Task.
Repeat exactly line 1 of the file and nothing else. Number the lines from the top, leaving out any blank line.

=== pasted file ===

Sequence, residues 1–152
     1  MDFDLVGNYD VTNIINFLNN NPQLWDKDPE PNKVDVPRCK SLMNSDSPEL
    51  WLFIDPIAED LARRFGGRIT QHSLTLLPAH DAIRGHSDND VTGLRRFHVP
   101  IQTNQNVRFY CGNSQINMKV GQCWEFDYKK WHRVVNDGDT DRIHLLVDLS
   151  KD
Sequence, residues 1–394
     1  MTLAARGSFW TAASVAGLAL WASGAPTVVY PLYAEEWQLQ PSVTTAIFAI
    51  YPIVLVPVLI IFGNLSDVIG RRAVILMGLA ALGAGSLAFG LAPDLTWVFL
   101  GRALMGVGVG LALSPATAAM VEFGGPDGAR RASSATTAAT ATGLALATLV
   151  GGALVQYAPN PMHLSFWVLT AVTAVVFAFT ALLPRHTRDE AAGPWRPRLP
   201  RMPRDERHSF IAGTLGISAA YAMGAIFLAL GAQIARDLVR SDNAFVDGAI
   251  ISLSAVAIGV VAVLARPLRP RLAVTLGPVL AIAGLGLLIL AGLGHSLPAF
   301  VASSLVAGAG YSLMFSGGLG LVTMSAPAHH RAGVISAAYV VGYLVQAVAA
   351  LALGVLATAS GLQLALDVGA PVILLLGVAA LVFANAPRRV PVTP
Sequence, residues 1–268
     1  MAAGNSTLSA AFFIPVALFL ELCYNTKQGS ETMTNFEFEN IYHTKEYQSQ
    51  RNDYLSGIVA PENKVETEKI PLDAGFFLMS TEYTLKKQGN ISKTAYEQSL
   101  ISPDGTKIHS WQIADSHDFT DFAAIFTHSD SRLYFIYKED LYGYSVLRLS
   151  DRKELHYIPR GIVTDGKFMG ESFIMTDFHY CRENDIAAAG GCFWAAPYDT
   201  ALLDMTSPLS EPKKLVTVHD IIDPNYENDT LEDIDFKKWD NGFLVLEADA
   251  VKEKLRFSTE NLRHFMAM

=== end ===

Sequence, residues 1–152